One week after the fire at the Gitega prison in Burundi families of the victims are still in the dark about the remains of their loved ones.
Some have already lifted their partial mourning.
An orphaned father following the fire at the Gitega central prison
"After the fire, we learned that our father was among the victims. We waited for the burial but in vain; and we organised the partial mourning in accordance with Burundian tradition", said an orphaned father following the fire at the Gitega central prison.
Families complain they have not been given access to the remains of the victims.
Legal representatives believe the state should have been involved in the funerals.
"These funerals should have been organised by the state. Failing that, at least the bodies should have been returned to their respective families so that they could organise the funerals themselves. So, I dare to hope that it is one or the other option, we are still waiting for that day to come" lamented Tatien Sibomana, former prosecutir of the Gitega prison.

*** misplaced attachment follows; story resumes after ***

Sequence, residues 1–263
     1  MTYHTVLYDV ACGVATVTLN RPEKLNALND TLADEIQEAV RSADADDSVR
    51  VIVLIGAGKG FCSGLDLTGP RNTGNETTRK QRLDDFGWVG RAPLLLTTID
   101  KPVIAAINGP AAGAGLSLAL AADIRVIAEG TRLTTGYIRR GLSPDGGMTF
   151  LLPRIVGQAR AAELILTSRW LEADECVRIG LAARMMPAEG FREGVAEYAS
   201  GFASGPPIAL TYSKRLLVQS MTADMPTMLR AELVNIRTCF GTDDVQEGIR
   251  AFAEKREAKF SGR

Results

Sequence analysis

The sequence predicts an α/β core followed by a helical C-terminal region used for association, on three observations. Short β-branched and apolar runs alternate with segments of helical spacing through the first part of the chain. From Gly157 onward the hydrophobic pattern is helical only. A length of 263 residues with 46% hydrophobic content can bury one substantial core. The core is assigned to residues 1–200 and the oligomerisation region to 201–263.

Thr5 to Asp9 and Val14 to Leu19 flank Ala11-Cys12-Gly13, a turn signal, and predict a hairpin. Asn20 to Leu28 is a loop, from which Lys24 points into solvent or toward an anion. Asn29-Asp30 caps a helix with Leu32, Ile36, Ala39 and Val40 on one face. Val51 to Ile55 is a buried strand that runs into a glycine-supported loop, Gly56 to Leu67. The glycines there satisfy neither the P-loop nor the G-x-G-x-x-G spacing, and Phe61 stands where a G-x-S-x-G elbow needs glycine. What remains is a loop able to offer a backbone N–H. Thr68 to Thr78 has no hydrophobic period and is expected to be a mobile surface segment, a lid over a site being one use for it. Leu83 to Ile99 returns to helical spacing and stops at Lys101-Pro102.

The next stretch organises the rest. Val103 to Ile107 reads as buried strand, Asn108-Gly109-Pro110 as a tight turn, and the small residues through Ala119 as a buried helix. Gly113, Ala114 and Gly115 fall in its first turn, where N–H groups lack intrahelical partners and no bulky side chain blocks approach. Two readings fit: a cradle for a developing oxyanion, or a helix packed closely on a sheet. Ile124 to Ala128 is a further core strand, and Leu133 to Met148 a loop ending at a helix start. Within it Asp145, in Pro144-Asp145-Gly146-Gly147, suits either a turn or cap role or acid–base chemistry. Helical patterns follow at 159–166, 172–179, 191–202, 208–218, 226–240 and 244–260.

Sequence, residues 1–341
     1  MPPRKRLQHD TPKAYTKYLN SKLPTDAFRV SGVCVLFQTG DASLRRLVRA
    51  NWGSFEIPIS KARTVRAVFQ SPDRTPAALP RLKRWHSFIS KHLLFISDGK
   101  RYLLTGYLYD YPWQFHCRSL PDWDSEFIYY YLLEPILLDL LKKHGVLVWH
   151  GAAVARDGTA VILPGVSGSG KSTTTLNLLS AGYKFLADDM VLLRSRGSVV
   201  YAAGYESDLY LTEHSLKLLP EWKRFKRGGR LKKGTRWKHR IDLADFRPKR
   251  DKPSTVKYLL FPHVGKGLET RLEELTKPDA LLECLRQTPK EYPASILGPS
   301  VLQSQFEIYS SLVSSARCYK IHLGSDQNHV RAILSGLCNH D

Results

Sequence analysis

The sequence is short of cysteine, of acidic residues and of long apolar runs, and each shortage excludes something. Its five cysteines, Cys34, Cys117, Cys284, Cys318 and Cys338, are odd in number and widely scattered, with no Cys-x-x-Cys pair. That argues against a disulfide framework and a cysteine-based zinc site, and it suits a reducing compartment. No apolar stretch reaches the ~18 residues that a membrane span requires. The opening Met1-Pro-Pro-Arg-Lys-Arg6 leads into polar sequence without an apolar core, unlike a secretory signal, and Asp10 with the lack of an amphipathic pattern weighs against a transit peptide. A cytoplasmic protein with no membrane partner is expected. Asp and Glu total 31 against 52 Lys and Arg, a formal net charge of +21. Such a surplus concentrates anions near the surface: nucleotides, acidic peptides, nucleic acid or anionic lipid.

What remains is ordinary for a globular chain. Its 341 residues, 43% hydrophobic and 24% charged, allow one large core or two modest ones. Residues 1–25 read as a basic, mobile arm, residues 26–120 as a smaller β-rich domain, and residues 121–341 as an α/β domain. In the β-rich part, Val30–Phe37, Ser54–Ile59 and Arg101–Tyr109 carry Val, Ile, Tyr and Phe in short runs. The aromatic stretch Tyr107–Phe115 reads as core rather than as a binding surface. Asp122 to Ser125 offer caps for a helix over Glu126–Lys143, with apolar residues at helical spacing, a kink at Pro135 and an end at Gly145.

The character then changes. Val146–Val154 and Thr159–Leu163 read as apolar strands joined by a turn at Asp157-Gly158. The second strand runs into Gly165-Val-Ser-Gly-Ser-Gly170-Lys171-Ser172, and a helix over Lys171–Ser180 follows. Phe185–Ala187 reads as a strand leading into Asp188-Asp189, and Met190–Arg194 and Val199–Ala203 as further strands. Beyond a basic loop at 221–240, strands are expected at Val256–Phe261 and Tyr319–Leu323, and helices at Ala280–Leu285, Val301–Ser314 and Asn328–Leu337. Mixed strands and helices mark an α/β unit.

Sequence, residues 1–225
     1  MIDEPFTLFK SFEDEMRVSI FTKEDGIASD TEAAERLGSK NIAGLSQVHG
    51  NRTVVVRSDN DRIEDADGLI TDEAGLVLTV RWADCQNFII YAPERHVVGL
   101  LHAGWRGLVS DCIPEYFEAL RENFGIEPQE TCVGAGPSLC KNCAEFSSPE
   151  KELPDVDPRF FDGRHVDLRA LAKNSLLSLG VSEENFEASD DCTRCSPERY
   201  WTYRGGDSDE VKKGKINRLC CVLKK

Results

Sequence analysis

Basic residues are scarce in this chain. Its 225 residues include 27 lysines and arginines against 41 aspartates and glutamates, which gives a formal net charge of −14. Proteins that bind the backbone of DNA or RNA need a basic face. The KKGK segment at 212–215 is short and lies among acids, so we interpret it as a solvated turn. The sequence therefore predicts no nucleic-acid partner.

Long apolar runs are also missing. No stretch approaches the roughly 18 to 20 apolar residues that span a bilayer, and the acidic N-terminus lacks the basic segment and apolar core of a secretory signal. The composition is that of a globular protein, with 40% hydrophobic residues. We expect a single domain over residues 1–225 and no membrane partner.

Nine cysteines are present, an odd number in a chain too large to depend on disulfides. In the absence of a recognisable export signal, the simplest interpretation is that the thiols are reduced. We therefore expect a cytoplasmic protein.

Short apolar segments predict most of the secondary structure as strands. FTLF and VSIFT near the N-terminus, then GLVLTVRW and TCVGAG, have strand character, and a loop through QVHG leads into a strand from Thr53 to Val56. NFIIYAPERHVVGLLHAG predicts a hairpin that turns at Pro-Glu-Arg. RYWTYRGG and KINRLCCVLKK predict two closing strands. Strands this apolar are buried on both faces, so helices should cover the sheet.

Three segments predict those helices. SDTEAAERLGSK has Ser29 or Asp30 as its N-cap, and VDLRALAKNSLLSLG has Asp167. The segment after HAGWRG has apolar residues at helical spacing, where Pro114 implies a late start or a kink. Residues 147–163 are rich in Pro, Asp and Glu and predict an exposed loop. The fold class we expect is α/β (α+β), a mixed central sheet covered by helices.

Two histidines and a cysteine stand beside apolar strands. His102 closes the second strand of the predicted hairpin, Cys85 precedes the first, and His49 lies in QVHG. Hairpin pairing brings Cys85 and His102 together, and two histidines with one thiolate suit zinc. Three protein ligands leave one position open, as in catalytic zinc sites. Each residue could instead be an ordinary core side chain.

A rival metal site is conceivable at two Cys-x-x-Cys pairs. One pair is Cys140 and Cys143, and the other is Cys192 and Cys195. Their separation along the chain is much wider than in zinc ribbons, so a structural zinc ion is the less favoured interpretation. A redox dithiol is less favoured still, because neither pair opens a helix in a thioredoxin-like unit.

The penal establishment has a capacity of 400 hundred inmates but housed more than 1500 prisoners.
Former prosecutor raises the issue of overcrowding and suggests an alternative.
"Freedom is the principle and detention the exception. This principle should be translated into the laws and regulations of Burundi. All those who are serving their sentences and who have already served a quarter of their sentences should be released if at least their files are in order in terms of discipline" defends Tatien Sibomana.
According to official figures, 38 people died and 69 were injured in the fire.
As of 26 November, Burundi's eleven prisons held 12,878 prisoners for a capacity of 4,924, according to the prison administration.